Narcissism in one parent is not, in itself, grounds for a family court to award custody to the other parent. Laws vary by state, but the general rule, as reported by About.com, is that the parent seeking sole custody bears the burden of proving she is more fit in court.
According to About.com, courts are often reluctant to sever parental rights in custody disputes, as the assumption underlying much of family law is that children are more likely to thrive with both parents in their lives. Measures that interfere with the relationship one parent has with the child are therefore undertaken only when necessary. Usually, this requires that the parent seeking sole custody demonstrate the superiority of such a ruling. Know that the court's only principle in deciding custody is the best interests of the child, not the child's parents, and that the perceived moral failings or personality disorders of a parent are not considered unless they directly impact the well-being of the child.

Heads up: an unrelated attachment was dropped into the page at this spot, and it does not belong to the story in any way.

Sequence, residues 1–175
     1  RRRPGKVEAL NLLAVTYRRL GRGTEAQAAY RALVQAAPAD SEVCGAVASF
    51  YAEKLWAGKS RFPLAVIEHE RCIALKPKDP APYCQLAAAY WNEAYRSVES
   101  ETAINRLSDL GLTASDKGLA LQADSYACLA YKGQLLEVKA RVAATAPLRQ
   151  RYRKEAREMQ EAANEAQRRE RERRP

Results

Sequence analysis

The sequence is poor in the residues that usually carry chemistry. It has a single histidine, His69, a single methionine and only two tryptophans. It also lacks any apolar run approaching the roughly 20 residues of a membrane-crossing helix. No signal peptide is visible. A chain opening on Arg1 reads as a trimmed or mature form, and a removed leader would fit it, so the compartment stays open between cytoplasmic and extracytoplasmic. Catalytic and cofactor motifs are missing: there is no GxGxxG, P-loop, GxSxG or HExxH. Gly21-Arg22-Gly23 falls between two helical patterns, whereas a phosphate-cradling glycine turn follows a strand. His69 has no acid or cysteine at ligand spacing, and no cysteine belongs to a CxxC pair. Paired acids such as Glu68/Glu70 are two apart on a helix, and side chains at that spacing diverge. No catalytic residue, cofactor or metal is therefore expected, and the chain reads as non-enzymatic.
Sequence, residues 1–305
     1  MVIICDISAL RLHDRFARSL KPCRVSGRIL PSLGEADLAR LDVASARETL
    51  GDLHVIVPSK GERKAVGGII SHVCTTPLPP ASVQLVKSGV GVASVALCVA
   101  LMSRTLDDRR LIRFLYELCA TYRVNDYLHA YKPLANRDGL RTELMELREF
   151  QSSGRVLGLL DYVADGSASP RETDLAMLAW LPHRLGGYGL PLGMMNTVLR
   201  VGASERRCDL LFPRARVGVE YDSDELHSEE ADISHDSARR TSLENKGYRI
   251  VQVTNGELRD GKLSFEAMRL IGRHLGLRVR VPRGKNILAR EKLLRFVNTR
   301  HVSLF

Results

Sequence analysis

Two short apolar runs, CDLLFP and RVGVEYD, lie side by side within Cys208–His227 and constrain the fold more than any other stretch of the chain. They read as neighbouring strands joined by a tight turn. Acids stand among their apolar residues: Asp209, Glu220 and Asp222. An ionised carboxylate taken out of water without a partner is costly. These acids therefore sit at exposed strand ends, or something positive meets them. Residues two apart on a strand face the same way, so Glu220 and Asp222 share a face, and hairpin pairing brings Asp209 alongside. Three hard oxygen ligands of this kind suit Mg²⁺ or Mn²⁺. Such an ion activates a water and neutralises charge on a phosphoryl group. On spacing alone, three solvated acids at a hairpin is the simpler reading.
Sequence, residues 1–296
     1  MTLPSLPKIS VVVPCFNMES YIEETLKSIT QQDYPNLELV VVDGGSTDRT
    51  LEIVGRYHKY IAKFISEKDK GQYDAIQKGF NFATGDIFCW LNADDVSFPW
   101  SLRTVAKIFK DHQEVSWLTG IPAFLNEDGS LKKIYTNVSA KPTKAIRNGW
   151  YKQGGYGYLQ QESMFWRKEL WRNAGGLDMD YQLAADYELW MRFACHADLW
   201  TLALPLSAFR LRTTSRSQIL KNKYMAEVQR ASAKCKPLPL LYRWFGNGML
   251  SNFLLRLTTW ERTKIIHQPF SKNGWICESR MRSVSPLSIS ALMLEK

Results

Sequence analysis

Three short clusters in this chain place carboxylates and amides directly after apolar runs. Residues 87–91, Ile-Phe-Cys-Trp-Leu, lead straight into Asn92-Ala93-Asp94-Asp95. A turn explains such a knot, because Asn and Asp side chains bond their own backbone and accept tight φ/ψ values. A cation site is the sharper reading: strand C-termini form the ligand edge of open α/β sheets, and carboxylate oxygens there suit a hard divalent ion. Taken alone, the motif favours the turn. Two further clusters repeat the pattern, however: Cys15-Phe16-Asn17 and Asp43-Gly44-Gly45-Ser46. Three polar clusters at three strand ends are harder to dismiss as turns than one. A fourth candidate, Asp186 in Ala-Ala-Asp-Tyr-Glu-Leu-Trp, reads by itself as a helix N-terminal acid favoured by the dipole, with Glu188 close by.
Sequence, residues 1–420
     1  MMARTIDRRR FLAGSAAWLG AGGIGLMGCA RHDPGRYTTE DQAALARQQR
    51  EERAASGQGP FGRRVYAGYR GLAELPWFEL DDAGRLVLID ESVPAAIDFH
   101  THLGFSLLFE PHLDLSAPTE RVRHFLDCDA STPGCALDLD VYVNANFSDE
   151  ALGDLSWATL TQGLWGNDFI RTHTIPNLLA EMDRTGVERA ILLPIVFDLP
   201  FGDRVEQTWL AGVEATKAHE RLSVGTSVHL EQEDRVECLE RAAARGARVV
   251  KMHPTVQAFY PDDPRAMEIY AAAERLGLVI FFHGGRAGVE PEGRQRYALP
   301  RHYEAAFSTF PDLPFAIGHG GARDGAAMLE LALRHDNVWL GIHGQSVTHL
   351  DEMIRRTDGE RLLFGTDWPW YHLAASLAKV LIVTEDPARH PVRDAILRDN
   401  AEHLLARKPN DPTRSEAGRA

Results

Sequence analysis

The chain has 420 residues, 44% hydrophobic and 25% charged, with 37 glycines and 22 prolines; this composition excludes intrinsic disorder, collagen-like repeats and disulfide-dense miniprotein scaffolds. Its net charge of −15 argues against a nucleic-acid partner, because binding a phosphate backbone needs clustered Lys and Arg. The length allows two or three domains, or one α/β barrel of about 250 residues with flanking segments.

WebMD notes that unresolved disputes between parents have a negative impact on the growth and development of children. Children as young as 12 months show signs of distress when parents fight, and surprisingly teenagers have proven to be even more sensitive to parental conflict.